Good news for research into the terrible Ebola hemorrhagic fever virus.
American researchers have succeeded in genetically disarming the virus, thus rendering it non contaminant.
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This is a major advance that should facilitate research into this biological serial killer. There is a great deal at stake here as until now the Ebola virus could only be handled in type P4 maximum security laboratories. The number of these types of laboratories worldwide can be counted on the fingers of one hand.
To achieve this result, a team of researchers painstakingly sifted through
all the virus’s genes – what is known as the genome. This long and exacting task has helped in singling out one particular gene known as the VP30.
This gene produces a protein that allows the Ebola virus to multiply within the body. Without it, Ebola is unable to enter the cells. This remains only a basic research for the time being, but the prospects it offers seem definite and promising.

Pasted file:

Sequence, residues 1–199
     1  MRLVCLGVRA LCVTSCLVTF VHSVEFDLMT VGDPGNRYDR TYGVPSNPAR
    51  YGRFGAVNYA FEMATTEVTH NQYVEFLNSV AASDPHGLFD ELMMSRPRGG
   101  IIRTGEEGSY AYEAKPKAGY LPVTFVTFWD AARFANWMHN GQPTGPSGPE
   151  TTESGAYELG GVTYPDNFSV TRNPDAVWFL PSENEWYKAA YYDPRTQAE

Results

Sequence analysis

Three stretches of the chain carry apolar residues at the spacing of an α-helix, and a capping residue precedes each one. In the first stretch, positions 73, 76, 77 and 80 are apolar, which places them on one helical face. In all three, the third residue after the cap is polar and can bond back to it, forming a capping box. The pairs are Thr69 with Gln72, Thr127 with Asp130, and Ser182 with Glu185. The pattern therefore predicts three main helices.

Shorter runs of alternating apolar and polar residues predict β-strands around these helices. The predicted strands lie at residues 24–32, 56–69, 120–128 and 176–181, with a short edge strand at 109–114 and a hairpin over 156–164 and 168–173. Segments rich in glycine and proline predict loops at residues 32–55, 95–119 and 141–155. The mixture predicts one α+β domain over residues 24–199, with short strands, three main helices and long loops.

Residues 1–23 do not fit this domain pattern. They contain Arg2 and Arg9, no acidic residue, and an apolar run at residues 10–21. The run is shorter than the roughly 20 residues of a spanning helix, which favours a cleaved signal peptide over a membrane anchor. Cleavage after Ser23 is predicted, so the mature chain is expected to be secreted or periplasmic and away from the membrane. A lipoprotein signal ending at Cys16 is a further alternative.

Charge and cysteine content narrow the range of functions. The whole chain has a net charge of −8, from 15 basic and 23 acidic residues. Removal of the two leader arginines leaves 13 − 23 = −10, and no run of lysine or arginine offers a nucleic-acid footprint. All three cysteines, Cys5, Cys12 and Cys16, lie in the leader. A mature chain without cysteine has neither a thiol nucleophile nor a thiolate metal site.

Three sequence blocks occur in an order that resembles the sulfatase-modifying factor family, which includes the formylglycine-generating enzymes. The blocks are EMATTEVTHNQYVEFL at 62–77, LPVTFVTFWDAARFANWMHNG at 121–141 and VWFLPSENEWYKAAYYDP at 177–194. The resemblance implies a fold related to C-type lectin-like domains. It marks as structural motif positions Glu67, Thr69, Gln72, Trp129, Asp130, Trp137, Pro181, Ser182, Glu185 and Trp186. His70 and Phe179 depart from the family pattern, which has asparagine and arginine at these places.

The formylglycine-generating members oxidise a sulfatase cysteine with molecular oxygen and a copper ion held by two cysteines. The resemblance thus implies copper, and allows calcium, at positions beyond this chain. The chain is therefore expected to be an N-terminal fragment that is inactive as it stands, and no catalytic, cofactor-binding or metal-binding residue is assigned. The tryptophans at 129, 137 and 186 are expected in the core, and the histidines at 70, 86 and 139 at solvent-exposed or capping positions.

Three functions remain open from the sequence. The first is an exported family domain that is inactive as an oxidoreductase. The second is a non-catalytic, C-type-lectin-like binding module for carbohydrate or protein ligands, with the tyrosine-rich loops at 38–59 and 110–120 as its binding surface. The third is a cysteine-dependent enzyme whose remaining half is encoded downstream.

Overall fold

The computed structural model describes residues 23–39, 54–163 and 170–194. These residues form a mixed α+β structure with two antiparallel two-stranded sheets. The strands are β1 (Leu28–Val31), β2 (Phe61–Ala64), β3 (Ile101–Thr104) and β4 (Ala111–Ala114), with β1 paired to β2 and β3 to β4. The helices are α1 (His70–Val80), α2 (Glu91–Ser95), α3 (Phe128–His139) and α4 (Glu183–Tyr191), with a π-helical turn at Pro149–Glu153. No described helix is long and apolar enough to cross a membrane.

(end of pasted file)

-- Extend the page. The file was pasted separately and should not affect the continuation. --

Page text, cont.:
It is a mechanism that could open the way for the production of a
vaccine or even a treatment. But time is pressing as at present there is
neither a treatment nor a vaccine against this disease which is on the
increase on the African continent.
Vcitims and origin
Ebola hemorrhagic fever is fatal in 50 to 90 per cent of victims who present with clinical signs. Ebola hemorrhagic fever (also known as Ebola) is a contagious illness caused by an infection with the Ebola virus. It is often fatal in humans, monkeys, gorillas, and chimpanzees.
The Ebola virus was first recognized in the Democratic Republic of the Congo (formerly Zaire) in 1976. There is no cure for Ebola; treatment usually consists of providing supportive care while the body fights the infection.
Other research works aimed at curbing the ebola hemorrhagic virus include ecological investigations of the virus and its possible reservoir, to effectively prevent future outbreaks as well as how common ebola outbreaks are.
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